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Syllabus Current Political Developments in Germany - 54693

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Last update 03-02-2019
HU Credits: 1

Degree/Cycle: 2nd degree (Master)

Responsible Department: Cont. German Studies:politics, Soc.&Cult

Semester: 2nd Semester

Teaching Languages: English

Campus: Mt. Scopus

Course/Module Coordinator: Dr. Christian Thauer

Coordinator Office Hours: 4pm every class day

Teaching Staff:
Dr. christian thauer

Course/Module description:
The course gives students an overview of current political and socio-economic developments in Germany. We discuss Germany's renewed 'economic miracle' in the past 10 years, the country's refugee 'crisis', the recent and current elections and its effects on the party system, and the return of right-wing political movements.

Course/Module aims:
The aims are
1.) a good understanding of the political and socio-economic situation and developments in Germany;
2.) engaging with and discussing complex academic texts and arguments.

Learning outcomes - On successful completion of this module, students should be able to:
1.) Good overview of empirical developments in contemporary Germany;
2.) relating these findings to complex and abstract theoretical arguments about German Political Economy, its party system and in Comparative Politics.

Attendance requirements(%):

Teaching arrangement and method of instruction: Text-based discussions; lecturing; documentaries; engaging with material from diverse media sources.

Course/Module Content:
Sun, 6/16, 16.30-18h:Introduction to the course, explanation of expectations and requirements, images of and the reality in Germany.

2. Tue, 6/18, 16.30-18h: Image of Germany abroad and reality at 'home'; documentary: "make me a German"(BBC)

3. Thu, 6/20, 16.30-18h: Discussion of the current socio-economic situation in Germany.

4. Tue, 6/25, 16.30-20h: a.) The recent elections and their impact non the party system; b.) the so-called 'refugee crisis' and its impact on German politics and society

5. Thu, 6/27, 16.30-20h: Continuation of topics a.) and b.) of last week. Additional current development chosen by students; final discussion.

Required Reading:
Eichhorst, W. (2015). The unexpected appearance of a new German model. British Journal of Industrial Relations, 53(1), 49-69.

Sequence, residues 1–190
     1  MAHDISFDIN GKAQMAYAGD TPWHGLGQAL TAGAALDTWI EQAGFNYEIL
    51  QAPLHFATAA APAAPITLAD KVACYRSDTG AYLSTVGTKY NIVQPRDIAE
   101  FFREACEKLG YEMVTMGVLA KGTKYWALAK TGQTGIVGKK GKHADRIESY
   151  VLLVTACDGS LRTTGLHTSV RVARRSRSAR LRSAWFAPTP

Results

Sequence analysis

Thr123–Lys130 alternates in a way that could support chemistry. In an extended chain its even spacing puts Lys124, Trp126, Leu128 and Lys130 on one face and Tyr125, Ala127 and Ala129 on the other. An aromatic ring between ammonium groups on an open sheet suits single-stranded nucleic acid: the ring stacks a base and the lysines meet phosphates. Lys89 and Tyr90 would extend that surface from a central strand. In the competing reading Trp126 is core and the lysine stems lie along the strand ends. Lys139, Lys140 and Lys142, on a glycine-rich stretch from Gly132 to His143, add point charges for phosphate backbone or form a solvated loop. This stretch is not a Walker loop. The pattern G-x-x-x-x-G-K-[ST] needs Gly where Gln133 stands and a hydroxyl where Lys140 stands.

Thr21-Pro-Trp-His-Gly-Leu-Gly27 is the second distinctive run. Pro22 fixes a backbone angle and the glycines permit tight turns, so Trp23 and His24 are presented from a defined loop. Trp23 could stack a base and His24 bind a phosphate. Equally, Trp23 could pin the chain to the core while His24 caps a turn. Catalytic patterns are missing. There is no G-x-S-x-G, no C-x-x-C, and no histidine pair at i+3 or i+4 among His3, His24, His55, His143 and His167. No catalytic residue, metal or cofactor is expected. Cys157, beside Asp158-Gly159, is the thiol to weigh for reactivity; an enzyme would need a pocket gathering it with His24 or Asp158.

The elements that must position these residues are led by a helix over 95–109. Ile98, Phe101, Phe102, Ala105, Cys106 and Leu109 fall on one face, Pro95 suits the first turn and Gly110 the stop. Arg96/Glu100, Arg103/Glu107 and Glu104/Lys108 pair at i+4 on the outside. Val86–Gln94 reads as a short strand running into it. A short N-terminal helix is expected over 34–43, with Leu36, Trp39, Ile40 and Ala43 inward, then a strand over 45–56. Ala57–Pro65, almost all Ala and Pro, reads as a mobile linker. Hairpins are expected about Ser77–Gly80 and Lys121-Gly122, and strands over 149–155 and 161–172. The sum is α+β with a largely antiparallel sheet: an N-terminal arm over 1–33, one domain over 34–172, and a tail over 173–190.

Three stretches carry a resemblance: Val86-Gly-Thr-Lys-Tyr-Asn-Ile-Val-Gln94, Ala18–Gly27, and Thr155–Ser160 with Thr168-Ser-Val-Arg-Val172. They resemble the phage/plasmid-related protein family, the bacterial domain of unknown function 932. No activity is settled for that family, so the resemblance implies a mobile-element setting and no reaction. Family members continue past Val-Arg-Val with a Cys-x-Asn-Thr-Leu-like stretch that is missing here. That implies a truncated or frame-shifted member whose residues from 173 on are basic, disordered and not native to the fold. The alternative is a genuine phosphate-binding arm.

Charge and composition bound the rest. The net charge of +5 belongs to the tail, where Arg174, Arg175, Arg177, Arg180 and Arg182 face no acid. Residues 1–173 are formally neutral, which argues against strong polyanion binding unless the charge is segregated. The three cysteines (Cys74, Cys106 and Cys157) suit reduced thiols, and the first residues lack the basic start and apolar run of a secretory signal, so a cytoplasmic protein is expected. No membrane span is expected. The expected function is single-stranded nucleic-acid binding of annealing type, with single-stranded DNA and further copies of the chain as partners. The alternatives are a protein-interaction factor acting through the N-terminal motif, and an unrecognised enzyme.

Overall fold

Busch, Andreas (2009). Schröder's Agenda 2010: From 'Plan B' to lasting Legacy?, In: Miskimmon, Paterson, Sloam, "Germany's Gathering Crisis", pp. 64-80.

Wiesenthal, Helmuth (2003). German Unifiction and Model Germany: An Adventure in Institutional Conservatism. West European Politics, 26: 4, 37-58.

Hassel, Anke (2011). The paradox of liberalization. Understanding dualism and the recovery of the German political economy. LSE Europe in Question Discussion Paper Series 42/2011.

A. Reisenbichler, A.J. Morgan (2013). How Germany Won the Euro Crisis. And Why Its Gains Could Be Fleeting. Foreign Affairs (June): (20 December 2013)

Additional Reading Material:
W. Streeck (2009). Re-Forming Capitalism: Institutional Change in the German Political Economy. Oxford, New York: Oxford University Press.

H.M. Smith (ed.) (2011): The Oxford Handbook of Modern German History. Oxford: Oxford University Press.

Course/Module evaluation:
End of year written/oral examination 0 %
Presentation 0 %
Participation in Tutorials 50 %
Project work 50 %
Assignments 0 %
Reports 0 %
Research project 0 %
Quizzes 0 %
Other 0 %

Additional information:
To gain credits, students can choose to enroll as 'active participants' or to write 3 out of 4 2-page response papers.
Students needing academic accommodations based on a disability should contact the Center for Diagnosis and Support of Students with Learning Disabilities, or the Office for Students with Disabilities, as early as possible, to discuss and coordinate accommodations, based on relevant documentation.
For further information, please visit the site of the Dean of Students Office.